Niacin is one of the substances vitally important for a human body. It’s a small compound, a derivative of pyridine, often called vitamin B3 or vitamin PP. Curiously, a different compound with a similar effect—niacinamide—often goes under the same names.
Niacin cannot transform into niacinamide directly, but they both are the precursors of the substances very important for our health — coenzymes NAD and NADP. Both these coenzymes take part in practically every process that goes on with energy release. The first one, NAD, participates in splitting fats, carbohydrates, proteins and alcohol, while NADP promotes the syntheses of various substances from fatty acids, cholesterol and other compounds.
It can be said that all B group vitamins are to some extent responsible for the transformation of glucose entering the body, but niacin and niacinamide play a particularly important part in this process and many others. The decrease of vitamin B3 leads to the slowing of the metabolism, because it is involved in more than 50 reactions turning sugars and fats into energy, including the amino acid metabolism and the process of turning food fats into eicosanoids — hormone-like agents affecting all metabolic processes in the body. In the recent years vitamin B3 has been treated more like a medicine that like a vitamin — cardiologists often prescribe it for cardiovascular diseases. Taking niacin can increase the chances of survival and improve the rehabilitation rate for cardiac infarction patients. Another important quality of vitamin B3 is its ability to restore the DNA of damaged cells and participate in the synthesis of steroid hormones in the adrenal glands.
Niacin deficiency can cause the decline in health and even a condition called pellagra — hypovitaminosis, developing with the deficit of vitamin B3 or tryptophan amino acid, the niacin precursor. The symptoms of pellagra are easy to remember, they all start with D — dermatitis, diarrhoea, dementia. Niacin deficiency makes the skin drier and its tone uneven, while increasing the skin’s sensitivity to the sun—the open parts of the body and the face get sun burns even with a short time exposure. In a little while intense peeling and itchiness appear, sometimes followed by hair loss and skin inflammation. The characteristic symptoms of pellagral dermatitis clearly demonstrate the importance of vitamin B3 (PP, niacin, niacinamide, nicotinamide) for skin health.
Regrettably, with age the body’s own niacin synthesis can somewhat slow down becoming one of the primary causes of skin ageing — the developing deficit of vitamin B3 disturbs microcirculation, damages micro capillary walls, reduces the syntheses of collagen and elastin. Niacin applied to the skin can partly compensate for the deficiency — niacin molecule is small and easily penetrates into deep skin levels.
Niacin (niacinamide) is a cosmeceutical solution with proven efficacy, which is a fairly rare thing. Several effects of vitamin B3 topical application have been scientifically confirmed so far. A group of volunteers applied a solution with 2% niacinamide regularly and after 4 weeks their skin retained 24% more water in the epidermis, most likely due to the activation of the syntheses of vital proteins in the epidermis — keratin, filaggrin and involucrin. Another documented effect was a more intense syntheses of collagen and elastin in the skin cells — the rejuvenated fibroblasts became more active and the amount of collagen increased by more than 50%. The test subjects also showed a decrease in pigmentation due to niacinamide’s ability to partly block the migration of pigment granules into the upper skin layers. Finally, acne was reduced as well, and the solution containing niacin turned out to be more effective than the traditionally used antibiotic clindamycin.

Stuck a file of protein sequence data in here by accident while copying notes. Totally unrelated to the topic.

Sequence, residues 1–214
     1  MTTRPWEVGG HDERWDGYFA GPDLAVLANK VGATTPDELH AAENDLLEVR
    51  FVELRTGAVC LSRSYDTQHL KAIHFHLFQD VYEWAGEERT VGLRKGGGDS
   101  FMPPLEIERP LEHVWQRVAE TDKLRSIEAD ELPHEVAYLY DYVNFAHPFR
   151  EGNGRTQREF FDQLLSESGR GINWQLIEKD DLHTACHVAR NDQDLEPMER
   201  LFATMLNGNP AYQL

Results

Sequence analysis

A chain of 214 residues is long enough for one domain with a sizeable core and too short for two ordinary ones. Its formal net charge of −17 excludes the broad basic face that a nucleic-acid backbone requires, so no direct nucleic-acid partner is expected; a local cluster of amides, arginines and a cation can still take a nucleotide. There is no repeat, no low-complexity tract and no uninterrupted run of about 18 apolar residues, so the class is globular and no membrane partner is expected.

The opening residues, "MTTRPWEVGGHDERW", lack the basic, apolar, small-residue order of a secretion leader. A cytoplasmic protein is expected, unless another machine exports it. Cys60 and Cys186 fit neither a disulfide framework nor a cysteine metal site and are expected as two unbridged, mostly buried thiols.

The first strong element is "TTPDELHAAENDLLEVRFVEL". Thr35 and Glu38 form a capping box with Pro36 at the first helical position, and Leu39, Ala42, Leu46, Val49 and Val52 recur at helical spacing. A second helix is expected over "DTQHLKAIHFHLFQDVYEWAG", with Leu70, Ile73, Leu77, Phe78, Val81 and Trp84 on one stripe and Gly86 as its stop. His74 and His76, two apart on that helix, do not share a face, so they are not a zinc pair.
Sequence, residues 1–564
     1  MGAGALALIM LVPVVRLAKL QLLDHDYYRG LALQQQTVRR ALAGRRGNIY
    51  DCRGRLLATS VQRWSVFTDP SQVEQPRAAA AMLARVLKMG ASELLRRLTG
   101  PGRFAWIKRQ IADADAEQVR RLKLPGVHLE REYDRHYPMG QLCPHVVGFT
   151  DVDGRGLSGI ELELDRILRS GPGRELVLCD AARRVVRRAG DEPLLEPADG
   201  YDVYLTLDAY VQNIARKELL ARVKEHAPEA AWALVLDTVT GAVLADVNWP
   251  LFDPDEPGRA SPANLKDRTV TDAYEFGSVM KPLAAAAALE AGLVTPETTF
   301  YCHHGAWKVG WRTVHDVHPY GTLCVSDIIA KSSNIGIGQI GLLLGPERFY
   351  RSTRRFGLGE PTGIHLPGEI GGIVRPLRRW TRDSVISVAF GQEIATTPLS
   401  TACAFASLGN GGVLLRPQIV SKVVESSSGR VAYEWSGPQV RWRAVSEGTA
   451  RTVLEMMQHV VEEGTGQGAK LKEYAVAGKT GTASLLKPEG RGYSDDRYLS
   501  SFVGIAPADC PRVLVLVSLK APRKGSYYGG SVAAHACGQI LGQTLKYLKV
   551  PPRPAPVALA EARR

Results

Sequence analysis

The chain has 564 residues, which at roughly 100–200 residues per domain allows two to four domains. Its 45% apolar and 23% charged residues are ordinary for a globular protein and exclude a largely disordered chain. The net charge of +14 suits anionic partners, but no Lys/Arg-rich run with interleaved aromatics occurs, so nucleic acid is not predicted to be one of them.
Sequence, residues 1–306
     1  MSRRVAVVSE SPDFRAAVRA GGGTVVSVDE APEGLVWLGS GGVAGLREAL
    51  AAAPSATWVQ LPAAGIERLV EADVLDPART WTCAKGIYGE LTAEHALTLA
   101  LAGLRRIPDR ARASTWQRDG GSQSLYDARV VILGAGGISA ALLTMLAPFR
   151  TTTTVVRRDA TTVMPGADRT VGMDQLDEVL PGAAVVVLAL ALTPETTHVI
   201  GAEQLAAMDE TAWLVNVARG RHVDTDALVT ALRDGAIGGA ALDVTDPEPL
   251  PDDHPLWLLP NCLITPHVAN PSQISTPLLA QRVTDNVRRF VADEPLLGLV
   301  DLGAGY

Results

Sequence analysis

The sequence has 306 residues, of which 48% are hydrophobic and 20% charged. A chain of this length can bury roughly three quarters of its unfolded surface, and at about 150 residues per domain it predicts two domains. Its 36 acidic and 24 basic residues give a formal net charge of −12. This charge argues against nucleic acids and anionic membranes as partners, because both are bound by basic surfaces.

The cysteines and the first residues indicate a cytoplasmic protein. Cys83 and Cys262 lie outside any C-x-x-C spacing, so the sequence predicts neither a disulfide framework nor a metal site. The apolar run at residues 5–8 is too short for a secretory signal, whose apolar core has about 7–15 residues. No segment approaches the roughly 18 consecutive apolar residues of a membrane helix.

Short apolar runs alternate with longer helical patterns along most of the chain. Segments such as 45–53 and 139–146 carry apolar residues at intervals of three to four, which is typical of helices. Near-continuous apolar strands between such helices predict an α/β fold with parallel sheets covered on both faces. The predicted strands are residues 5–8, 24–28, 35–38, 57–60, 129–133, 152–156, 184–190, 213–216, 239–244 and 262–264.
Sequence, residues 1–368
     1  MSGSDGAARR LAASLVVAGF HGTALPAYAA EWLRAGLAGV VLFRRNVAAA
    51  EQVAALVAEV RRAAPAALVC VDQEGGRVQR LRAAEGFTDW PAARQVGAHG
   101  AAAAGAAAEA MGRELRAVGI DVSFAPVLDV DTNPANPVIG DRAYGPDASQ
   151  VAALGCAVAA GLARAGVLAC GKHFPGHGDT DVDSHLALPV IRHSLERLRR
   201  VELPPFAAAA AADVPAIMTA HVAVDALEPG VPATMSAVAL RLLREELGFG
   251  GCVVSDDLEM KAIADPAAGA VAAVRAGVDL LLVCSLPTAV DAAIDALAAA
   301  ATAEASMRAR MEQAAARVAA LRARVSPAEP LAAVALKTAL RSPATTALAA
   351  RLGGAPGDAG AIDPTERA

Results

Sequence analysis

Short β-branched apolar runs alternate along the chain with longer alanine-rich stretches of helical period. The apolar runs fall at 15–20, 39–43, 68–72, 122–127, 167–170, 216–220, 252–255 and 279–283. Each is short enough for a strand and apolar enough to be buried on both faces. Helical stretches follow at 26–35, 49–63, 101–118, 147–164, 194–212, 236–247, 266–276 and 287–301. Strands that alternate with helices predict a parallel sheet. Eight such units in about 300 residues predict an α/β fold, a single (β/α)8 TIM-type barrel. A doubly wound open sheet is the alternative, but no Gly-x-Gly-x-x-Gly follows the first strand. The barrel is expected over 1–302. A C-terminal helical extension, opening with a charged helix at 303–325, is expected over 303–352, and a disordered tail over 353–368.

If your skin goes red when you apply skincare with niacinamide (like our very own Nrj-Net Cleansing Mask), it’s actually a good thing and a confirmation that some cosmetic ingredients can penetrate into the skin without any needles involved.
Technically niacinamide is an active form of vitamin B3 able to intensify energy metabolism in skin cells, strengthen epidermal barrier and stimulate the synthesis of collagen and elastin by the fibroblasts. Niacinamide has whitening, anti-inflammatory, sebum-regulating, fat-splitting properties and protects against UV as well. All of these effects are possible due to its very small molecular weight — only 137 Dalton. As we have mentioned before once or twice, compounds with molecular weight of less than 500 Da can penetrate into the skin on their own without any extra help.
This is what we can observe with our own eyes when applying a solution with niacinamide: a molecule literally falls through the skin barrier and in a minute or two a bright red flush happens, sometimes accompanied by a sensation of warmth and slight itching which can alarm a person unfamiliar with the effects of niacinamide. This, however, is not a sign of irritation or allergy. The niacinamide flush is a sign that niacinamide has penetrated into the dermis and affected the capillaries there making them dilate. Epidermis, you see, doesn’t have any capillaries in it.
The capillaries in the dermis dilate under the influence of vitamin B3 because niacinamide binds to the receptors GPR109A found primarily on the keratinocytes, Langerhans cells, neutrophils, monocytes and adipocytes. The activation of receptors GPR109A leads to the release of prostaglandins E2 and D2 which affect the capillary wall leading to its relaxation, capillary dilation and the inflow of blood.
All of these effects are completely natural and safe, even if redness looks somewhat alarming. In most cases, skin redness subsides after 30–60 minutes. Moreover, with regular use the skin gets used to niacinamide and the redness becomes less intense, although all beneficial effects are still there.